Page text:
Granger Causality Testing with Intensive Longitudinal Data
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The availability of intensive longitudinal data obtained by means of ambulatory assessment opens up new prospects for prevention research in that it allows the derivation of subject-specific dynamic networks of interacting variables by means of vector autoregressive (VAR) modeling. The dynamic networks thus obtained can be subjected to Granger causality testing in order to identify causal relations among the observed time-dependent variables. VARs have two equivalent representations: standard and structural. Results obtained with Granger causality testing depend upon which representation is chosen, yet no criteria exist on which this important choice can be based. A new equivalent representation is introduced called hybrid VARs with which the best representation can be chosen in a data-driven way. Partial directed coherence, a frequency-domain statistic for Granger causality testing, is shown to perform optimally when based on hybrid VARs. An application to real data is provided.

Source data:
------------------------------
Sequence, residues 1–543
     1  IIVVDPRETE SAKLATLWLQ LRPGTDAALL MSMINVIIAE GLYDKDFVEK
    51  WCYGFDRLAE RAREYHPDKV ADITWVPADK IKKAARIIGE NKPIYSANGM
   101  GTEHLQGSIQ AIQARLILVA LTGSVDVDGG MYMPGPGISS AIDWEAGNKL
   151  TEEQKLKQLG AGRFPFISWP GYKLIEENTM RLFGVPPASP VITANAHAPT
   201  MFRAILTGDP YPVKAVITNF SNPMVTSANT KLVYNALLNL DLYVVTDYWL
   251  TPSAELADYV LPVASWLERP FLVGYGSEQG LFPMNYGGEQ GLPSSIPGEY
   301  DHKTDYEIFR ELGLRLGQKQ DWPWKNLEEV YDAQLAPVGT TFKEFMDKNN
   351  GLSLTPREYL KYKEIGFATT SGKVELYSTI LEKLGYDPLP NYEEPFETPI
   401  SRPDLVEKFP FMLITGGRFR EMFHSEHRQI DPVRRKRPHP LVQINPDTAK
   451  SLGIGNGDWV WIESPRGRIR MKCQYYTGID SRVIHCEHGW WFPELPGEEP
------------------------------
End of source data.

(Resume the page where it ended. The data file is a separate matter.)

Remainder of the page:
KeywordsGranger causality Standard VAR Structural VAR Hybrid VAR Partial directed coherence
Funding of the research presented in this paper was partially provided by NSF 1157220 (PI PCM Molenaar).
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Conflict of Interest
The author declares that there is no conflict of interest.
This article does not contain any studies with human participants or animals performed by the author.
Informed consent was not required for this study.
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